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This fascinating piece of art can be seen at the former Post Office, across from the Beauregard Parish Courthouse, U.S. 171 eastbound, in DeRidder. The fresco was completed in 1936 by the late Louisiana artist, Conrad Albrizio. He was considered the dean of American fresco artists.


  • An old newspaper article outlining the mural's commission.
  • "Rural Free Delivery"

With the advent of technology providing internet and e-mail capabilities, one cannot help but recall the initial provisions for the mail delivery as a means of keeping in touch.
Such authority for mail delivery was placed in the U.S. Constitution in 1789, when Congress was granted the authority to establish post offices in the United States.
Prior to the 1900s, government buildings were built in the style supervised by the Treasury Department’s supervising architect. As the Great Depression began, the government expanded its public works program to stimulate the economy. With almost one-third of the unemployed hailing from the building trades, the government's public works was able to expand its presence through distinctive architecture and artwork which embellished the interiors of the structures.
The primary sponsor of artwork in federal buildings was the Treasury Department's Section of Painting and Sculpture (later known as Section of Fine Arts). At least one percent of a building's construction was funded for artwork.
Artists were selected through blind competition and employed standards of stylistic realism in their depictions of everyday American life. More than 1,100 post offices were decorated in this manner and often represented a community's only exposure to quality artwork. Twenty-three Louisiana postal facilities were among those decorated with Section artwork.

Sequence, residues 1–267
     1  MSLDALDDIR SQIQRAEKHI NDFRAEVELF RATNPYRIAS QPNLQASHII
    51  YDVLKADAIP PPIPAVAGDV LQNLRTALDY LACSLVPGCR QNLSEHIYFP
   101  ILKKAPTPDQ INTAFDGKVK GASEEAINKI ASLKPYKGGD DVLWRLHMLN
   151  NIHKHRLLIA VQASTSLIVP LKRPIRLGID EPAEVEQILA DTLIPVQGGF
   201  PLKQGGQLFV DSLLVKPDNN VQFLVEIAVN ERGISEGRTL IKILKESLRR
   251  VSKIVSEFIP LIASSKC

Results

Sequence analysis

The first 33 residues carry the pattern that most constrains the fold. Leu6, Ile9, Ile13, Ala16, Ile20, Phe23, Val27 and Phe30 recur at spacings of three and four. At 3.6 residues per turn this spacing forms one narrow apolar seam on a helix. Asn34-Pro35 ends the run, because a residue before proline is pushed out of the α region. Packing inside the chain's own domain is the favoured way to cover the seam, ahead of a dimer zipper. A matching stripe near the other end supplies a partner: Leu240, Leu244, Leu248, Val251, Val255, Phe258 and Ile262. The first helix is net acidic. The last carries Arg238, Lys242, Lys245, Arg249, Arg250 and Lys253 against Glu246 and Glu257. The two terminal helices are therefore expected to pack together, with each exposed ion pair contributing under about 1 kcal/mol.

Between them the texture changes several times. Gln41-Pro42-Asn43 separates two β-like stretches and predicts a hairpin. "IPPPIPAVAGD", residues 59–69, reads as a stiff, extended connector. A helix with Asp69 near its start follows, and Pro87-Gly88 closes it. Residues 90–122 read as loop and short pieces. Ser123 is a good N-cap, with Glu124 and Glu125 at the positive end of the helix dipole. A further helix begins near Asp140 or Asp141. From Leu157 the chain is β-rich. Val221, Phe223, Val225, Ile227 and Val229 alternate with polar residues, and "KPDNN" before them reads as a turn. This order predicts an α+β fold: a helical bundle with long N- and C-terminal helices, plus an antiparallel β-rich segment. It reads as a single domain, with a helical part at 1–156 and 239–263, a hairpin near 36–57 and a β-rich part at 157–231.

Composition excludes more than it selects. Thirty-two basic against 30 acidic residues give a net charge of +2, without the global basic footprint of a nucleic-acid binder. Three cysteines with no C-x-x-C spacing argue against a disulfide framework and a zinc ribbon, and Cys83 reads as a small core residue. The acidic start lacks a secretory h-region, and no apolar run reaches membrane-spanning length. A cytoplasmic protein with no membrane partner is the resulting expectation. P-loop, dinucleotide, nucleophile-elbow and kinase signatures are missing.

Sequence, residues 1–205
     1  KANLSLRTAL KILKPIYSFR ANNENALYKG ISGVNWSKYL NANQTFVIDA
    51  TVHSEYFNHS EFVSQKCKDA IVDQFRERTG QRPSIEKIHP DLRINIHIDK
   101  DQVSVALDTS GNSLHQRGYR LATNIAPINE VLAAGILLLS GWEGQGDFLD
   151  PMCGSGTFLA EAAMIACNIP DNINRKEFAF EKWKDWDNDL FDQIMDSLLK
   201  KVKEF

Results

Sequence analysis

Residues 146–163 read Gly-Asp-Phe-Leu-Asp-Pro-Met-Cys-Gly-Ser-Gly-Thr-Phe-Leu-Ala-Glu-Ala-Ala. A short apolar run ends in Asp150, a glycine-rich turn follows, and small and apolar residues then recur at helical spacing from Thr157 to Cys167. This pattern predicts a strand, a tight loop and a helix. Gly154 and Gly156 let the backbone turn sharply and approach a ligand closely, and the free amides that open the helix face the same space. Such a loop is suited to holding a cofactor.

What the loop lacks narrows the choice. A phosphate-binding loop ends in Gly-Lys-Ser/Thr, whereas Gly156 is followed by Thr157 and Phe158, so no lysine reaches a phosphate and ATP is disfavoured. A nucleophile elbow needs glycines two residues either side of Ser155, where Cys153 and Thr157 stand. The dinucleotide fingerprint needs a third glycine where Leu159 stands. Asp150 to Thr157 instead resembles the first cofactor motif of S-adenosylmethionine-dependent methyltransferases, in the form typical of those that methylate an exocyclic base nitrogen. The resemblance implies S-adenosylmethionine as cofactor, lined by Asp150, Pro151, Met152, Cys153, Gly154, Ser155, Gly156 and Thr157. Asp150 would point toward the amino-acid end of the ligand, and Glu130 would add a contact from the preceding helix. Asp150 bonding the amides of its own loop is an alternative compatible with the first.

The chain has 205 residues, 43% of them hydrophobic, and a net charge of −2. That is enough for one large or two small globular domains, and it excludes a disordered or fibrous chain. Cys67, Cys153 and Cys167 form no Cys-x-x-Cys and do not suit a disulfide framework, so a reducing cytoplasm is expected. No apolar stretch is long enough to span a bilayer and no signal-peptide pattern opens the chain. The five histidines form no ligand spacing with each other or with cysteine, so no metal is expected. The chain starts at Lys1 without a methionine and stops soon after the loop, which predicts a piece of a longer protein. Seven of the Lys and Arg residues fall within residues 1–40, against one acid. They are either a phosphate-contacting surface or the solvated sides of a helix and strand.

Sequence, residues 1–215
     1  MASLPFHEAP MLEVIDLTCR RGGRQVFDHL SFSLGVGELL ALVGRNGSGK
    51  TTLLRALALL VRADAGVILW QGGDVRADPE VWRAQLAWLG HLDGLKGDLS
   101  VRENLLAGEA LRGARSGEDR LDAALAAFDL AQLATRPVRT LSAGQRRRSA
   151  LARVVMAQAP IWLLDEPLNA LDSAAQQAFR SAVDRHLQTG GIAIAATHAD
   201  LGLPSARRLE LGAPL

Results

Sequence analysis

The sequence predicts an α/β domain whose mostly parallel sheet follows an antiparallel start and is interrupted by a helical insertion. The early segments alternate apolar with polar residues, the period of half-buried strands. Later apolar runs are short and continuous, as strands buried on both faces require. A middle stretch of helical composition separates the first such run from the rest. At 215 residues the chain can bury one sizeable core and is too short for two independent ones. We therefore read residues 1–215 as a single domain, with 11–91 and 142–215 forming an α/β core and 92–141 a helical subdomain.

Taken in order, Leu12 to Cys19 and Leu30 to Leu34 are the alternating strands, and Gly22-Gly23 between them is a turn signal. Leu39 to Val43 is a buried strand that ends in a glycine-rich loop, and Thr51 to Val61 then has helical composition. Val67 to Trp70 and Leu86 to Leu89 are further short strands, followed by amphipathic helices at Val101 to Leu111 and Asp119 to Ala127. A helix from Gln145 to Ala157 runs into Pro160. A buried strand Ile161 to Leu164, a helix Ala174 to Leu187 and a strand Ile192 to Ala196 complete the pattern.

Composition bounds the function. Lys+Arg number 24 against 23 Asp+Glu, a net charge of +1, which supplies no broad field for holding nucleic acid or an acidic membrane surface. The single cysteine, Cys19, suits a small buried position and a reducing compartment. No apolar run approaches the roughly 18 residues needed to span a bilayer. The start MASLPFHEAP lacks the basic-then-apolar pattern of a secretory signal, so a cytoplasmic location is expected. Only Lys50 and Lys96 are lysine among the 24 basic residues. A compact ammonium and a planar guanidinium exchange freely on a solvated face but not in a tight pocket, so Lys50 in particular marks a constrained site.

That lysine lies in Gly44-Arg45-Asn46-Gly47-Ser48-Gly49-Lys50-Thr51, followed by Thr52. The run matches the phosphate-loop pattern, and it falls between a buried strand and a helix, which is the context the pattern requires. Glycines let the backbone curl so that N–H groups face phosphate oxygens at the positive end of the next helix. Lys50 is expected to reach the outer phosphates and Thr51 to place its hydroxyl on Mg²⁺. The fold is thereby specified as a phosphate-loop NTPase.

Section artwork was intended to depict an accurate representation of local life. It included the requirement that artists visit the town in which their commission would be located prior to submitting proposed sketches. These murals and other artworks are considered the private property of the Postal Service.
DeRidder can indeed boast of having one of the former postal facilities that is among the 17 buildings that remain in Louisiana that are decorated with artwork. The fresco, which graces the lobby of the former Post Office, was completed in 1936 by the late Louisiana artist, Conrad Albrizio. He was considered the dean of American fresco artists.
Albrizio was the first artist in the region to do true frescoes-that is, painting scenes on wet plaster. His painting methods date back many centuries. He was commissioned for murals in post offices around the South by the Works Progress Administration (WPA) in the 1930s. Conservative symbolism was used by Albrizio. With its vivid colors and imagery, the mural in DeRidder depicts people and customs that shaped the South.  It is also of interest that in the early 1930s, Albrizio was commissioned to create a mural for Huey P. Long's new state Capitol in Baton Rouge.
The DeRidder fresco, "Rural Free Delivery," has the distinction of being selected as an image appearing in "Louisiana: AN ILLUSTRATED HISTORY, Louisiana Purchase Bicentennial Edition, 2003." (SOURCE: City of DeRidder)